Updated 27 sec ago

British team to retrace steps of epic Philby trek across Saudi Arabia

British team to retrace steps of epic Philby trek across Saudi Arabia
  • Explorer’s 1,300 km journey a century ago led to lifelong friendship with Ibn Saud, Kingdom’s first ruler
  • The expedition was launched by the UK’s Princess Anne, and the team includes Philby’s granddaughter

LONDON: An Arabian desert expedition aims to retrace the steps of a famous journey by a British explorer who served as an adviser to the first ruler of Saudi Arabia.

The planned 1,300-km Heart of Arabia coast-to-coast trek across the peninsula was launched by Anne, Princess Royal of the UK, on Wednesday. It was her first public engagement since the death this month of her mother, Queen Elizabeth II.

The expedition will honor the undertaking and achievement of adventurer, Arabist and intelligence officer Harry St. John Philby, who traveled from the Gulf coast village of Al-Uqair to Jeddah, on the Red Sea coast, on a mission in support of Ibn Saud, the Kingdom’s first ruler.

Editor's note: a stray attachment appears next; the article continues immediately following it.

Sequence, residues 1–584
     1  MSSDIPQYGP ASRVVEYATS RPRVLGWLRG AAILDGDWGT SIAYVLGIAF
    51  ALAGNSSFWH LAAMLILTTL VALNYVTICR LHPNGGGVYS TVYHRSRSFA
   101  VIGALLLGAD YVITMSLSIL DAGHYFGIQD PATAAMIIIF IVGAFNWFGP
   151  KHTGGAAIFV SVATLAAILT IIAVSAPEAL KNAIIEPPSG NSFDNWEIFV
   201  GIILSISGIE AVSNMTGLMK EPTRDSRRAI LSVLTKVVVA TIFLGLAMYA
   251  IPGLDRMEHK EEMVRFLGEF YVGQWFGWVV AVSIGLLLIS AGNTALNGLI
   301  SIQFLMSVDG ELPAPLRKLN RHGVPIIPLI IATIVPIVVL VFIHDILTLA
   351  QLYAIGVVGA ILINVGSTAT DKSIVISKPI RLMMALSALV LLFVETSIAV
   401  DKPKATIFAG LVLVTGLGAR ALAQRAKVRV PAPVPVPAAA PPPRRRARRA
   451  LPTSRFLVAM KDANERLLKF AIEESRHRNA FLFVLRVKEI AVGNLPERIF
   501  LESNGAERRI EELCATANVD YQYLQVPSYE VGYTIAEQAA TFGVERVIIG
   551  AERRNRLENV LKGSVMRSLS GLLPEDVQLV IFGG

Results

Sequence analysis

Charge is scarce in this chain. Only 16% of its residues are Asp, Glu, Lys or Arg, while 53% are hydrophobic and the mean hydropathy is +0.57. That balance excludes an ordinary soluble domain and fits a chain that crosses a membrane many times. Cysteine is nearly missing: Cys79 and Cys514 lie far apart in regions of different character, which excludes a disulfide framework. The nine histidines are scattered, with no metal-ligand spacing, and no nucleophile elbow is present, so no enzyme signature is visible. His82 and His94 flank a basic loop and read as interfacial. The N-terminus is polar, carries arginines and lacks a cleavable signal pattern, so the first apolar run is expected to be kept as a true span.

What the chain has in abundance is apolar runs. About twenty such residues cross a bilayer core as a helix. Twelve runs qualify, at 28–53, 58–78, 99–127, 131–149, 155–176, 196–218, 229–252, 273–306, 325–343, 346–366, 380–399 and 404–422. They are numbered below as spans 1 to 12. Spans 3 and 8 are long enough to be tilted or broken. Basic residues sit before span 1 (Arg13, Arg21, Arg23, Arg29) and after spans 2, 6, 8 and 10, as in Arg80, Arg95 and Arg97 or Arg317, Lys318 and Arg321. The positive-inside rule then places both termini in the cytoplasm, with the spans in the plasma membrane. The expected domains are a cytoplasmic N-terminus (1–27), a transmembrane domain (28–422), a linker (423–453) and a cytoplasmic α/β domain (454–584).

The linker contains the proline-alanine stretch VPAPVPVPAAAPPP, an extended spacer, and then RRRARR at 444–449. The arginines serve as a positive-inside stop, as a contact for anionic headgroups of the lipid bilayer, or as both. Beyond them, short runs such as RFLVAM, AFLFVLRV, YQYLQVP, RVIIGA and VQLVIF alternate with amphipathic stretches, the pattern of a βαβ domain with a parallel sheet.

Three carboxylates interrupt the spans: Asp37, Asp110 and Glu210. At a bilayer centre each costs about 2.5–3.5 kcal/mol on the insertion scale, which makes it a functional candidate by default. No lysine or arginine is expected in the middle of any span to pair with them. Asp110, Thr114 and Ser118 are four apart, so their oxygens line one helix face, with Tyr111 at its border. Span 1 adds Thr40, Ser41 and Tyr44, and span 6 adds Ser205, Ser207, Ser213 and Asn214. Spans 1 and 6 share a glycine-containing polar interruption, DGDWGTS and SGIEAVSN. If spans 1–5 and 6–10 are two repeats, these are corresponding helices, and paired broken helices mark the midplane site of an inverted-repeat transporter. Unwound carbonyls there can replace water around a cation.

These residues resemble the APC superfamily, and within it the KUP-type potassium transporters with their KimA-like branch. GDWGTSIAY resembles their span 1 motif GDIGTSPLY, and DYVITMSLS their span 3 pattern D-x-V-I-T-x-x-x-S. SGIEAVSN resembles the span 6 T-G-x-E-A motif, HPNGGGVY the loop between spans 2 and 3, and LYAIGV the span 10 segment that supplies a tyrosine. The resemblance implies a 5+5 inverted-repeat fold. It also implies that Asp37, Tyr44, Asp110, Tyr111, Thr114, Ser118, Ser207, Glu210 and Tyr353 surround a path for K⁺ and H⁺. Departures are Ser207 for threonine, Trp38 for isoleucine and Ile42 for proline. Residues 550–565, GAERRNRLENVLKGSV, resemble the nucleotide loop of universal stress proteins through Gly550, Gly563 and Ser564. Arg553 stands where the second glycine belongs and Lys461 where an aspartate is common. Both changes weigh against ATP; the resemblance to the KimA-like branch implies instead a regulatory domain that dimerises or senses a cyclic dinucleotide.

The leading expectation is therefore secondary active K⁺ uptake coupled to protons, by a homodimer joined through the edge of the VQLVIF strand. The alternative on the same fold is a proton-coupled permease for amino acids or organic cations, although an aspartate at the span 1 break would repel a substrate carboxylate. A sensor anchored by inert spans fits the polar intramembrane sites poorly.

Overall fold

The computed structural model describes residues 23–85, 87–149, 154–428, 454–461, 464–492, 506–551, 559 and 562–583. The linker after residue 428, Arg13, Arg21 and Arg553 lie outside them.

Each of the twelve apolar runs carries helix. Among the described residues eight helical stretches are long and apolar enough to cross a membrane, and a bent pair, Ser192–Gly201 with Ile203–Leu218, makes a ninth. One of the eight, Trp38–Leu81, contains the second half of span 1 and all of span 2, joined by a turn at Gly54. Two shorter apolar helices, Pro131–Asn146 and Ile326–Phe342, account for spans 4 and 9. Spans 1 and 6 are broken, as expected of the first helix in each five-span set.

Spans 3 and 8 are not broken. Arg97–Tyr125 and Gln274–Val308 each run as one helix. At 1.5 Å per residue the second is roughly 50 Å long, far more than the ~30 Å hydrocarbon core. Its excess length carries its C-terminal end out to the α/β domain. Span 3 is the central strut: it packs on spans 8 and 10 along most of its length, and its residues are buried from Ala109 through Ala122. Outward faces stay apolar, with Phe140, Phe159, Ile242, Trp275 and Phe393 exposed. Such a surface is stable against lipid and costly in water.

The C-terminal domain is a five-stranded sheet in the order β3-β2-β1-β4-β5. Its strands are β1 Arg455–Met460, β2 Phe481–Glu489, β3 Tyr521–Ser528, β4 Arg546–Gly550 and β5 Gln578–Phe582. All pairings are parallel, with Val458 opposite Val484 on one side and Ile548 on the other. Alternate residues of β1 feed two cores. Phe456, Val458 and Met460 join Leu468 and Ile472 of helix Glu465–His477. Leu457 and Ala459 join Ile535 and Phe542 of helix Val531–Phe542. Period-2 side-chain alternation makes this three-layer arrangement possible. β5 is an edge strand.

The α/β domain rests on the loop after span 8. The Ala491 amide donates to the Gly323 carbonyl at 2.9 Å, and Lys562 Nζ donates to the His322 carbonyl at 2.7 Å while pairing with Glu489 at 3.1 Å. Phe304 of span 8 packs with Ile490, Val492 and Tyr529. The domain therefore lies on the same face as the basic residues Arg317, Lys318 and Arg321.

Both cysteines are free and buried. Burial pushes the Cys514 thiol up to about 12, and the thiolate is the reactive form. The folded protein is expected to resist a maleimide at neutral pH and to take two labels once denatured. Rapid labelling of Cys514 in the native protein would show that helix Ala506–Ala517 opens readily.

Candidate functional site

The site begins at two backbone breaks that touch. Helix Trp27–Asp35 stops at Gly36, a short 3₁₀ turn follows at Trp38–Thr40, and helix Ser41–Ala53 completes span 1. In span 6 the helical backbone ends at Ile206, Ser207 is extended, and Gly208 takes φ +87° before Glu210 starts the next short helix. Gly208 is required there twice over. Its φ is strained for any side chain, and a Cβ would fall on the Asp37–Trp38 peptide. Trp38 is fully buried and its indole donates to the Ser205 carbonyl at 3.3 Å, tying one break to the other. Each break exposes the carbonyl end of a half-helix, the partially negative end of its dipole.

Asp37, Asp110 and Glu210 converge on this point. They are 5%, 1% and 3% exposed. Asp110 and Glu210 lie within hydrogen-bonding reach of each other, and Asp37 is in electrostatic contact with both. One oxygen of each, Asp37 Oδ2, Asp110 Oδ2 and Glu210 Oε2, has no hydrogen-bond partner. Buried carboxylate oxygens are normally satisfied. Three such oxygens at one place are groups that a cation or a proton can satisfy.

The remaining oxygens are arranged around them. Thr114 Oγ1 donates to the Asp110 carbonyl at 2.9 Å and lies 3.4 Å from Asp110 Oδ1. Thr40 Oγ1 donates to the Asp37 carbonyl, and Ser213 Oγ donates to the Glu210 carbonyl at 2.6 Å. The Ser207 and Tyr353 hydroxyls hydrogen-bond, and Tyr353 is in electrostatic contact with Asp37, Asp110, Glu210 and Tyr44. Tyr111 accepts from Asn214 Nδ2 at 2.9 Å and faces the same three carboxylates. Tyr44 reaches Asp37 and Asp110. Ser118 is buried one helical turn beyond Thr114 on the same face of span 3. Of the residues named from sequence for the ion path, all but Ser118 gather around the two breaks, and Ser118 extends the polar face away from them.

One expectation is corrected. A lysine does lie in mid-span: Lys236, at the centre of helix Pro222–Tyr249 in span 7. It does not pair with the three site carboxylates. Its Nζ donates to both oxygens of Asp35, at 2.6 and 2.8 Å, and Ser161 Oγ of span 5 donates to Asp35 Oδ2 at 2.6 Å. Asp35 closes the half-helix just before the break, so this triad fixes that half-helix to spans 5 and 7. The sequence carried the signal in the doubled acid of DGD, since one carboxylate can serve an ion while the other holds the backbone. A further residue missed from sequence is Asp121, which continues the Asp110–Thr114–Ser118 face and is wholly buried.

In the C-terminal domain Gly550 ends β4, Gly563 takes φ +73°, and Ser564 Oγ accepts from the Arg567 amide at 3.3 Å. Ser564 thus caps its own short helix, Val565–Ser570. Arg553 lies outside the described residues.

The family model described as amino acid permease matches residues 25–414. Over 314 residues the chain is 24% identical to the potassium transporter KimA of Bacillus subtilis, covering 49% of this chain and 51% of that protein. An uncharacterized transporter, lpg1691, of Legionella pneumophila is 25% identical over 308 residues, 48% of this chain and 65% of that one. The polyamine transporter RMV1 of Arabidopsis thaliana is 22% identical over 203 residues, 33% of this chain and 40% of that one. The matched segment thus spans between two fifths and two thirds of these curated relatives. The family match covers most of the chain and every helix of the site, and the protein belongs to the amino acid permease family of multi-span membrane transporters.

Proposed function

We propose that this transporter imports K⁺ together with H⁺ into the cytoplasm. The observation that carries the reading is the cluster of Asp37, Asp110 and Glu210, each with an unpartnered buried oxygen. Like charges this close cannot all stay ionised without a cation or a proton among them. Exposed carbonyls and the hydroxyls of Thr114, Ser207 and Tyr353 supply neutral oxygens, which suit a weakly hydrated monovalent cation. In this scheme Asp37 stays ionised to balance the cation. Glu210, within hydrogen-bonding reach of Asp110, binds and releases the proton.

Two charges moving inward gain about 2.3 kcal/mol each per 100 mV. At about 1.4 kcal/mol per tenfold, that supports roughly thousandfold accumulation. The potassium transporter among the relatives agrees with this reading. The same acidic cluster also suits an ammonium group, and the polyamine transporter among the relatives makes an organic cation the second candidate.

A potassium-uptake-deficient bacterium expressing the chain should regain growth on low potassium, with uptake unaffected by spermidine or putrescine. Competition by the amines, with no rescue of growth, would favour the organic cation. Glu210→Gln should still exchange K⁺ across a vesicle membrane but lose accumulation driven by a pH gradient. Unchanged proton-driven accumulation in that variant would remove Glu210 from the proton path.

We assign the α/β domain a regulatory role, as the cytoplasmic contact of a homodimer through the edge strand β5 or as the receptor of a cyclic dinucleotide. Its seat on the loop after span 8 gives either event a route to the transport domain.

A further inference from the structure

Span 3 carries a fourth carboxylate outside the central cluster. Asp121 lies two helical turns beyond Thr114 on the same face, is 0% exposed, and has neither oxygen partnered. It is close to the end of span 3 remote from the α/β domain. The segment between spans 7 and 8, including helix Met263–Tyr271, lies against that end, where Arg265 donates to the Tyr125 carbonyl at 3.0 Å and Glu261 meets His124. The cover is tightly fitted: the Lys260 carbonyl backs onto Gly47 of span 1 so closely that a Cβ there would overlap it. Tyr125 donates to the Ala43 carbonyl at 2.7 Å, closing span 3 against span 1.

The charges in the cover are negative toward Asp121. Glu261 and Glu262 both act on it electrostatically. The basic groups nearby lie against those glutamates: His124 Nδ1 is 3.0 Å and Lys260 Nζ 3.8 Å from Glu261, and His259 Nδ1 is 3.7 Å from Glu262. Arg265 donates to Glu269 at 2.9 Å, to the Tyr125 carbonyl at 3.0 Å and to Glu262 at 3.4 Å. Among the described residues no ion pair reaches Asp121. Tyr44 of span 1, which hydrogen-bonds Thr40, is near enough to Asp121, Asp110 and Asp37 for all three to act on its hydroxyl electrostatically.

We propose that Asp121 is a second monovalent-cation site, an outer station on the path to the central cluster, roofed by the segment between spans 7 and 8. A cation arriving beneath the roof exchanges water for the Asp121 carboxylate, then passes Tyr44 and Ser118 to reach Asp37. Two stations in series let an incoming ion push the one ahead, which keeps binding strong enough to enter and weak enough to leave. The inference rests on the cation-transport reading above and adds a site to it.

The Heart of Arabia journey will set off in November, a century after Philby’s crossing. It is led by veteran British explorer Mark Evans and the team, which will travel by foot and on camels, includes Philby’s Saudi granddaughter, Reem.

After reaching Riyadh they will travel west on the final stage to Jeddah, which is likely to present the greatest challenge because of harsh winds and rough terrain, including sand and loose rock.

Philby was sent to Arabia during the First World War to assist T. E. Lawrence as part of the British efforts to foment an Arab uprising against the Ottoman Empire, which at the time stretched across the Red Sea side of the Arabian Peninsula all the way to Yemen.

His journey led to groundbreaking cartographic and natural discoveries, and resulted in significant changes to the political landscape of the Middle East.